It’s been a while since my last post. In fact I wasn’t sure if I would ever post again. This blog is rather bitter sweet for me now. I started it because I wanted the world to know about a very special and unique world. And a very special and unique little boy. To give people an insight into our world, raise awareness of a very rare condition and connect with other similar, special families. Well I think I did accomplish that.

You are probably reading this wanting to ask how we are, but you don’t want to ask as you worry it’s a daft question. My general response is, ‘Ok’. Plodding along. Surviving. I’m not really sure what the correct answer is.

We’ve lost something and someone incredible. I feel like part of my body is missing. It’s not just emotional pain and loss I feel, but physical too. It hurts in my chest, in my stomach, my legs feel weak and my arms ache. They ache to hold him.

But he’s everywhere. Whatever I’m doing, whoever I’m talking to, his face is clear in my mind. I think I carry him around on my shoulder. Everything I do, decision I make, he’s there. He was the centre of everything for four whole years that cannot suddenly stop.

I didn’t know what to do with myself after he died. He was my boy, my son, but also my job. We had to return all his equipment, his bed, his chair, his hoist, his wheelchair. The Motability van had to be returned. We had to notify the benefits we received on his behalf. That all stopped.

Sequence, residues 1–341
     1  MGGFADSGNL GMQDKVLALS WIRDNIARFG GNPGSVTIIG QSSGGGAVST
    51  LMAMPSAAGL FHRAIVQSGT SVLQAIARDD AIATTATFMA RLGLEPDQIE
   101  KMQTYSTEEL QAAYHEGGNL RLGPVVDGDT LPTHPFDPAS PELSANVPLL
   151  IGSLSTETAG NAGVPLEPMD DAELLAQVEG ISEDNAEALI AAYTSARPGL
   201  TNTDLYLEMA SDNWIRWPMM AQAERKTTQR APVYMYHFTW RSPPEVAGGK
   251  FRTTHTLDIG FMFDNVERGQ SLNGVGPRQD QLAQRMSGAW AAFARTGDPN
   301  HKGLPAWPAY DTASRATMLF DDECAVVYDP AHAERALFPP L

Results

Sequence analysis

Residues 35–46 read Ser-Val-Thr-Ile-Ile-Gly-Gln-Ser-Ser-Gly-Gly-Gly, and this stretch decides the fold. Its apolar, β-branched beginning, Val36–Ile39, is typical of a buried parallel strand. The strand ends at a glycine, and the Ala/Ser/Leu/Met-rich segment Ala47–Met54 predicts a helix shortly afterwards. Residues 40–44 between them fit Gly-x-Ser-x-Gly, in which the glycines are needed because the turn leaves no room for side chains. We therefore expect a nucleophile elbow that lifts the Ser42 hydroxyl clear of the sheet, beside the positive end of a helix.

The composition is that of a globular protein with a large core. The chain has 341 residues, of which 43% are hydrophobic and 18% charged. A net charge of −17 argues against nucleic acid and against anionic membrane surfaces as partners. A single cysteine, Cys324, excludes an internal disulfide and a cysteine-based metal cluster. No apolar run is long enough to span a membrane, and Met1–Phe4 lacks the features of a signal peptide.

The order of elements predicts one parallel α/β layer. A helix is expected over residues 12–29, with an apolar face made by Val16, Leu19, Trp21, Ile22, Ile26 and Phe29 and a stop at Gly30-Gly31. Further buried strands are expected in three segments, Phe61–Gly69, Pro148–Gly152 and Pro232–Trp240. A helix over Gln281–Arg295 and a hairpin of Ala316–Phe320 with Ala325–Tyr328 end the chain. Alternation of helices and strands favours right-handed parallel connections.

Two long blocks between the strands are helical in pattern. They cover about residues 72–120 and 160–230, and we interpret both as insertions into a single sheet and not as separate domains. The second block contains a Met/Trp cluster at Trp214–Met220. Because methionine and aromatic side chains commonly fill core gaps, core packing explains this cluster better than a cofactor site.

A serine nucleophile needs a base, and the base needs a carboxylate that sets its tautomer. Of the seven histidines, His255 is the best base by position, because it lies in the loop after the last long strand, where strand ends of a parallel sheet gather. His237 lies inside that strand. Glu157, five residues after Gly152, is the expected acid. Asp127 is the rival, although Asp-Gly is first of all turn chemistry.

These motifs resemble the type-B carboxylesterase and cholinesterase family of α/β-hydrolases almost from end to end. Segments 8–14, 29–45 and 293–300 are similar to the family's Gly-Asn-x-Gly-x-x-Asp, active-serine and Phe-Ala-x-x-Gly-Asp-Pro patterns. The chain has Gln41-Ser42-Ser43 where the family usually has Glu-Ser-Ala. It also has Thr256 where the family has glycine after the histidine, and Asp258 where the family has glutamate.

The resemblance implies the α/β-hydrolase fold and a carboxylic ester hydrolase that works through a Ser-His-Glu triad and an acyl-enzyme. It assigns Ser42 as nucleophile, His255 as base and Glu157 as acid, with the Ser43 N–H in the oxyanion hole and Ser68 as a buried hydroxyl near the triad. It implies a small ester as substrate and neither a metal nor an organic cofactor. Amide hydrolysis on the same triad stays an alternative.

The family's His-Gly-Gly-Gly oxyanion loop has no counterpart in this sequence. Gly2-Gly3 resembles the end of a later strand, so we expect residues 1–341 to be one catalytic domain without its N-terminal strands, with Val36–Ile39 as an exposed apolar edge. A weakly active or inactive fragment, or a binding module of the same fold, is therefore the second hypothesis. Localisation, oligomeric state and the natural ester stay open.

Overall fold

So much automatically changed.

Since he died, I’ve noticed our language has changed. We have never said coffin, Samuel is resting in his nest, never say grave but resting place and never funeral but celebration.

At his celebration, along with all the hugs and tears from those close those who barely made the effort to see him in his four years, we were constantly told how brave we were. People were looking at us, almost willing us to cry. I asked a close friend what people meant by ‘brave’ and she said it may be that people consider us to be brave because we are still standing. But we aren’t brave or strong, we just made a decision that we have to survive. We have to live. If we didn’t have our little Toby then maybe we would have been in a much darker place. But we have so much to live for thanks to Samuel’s little brother.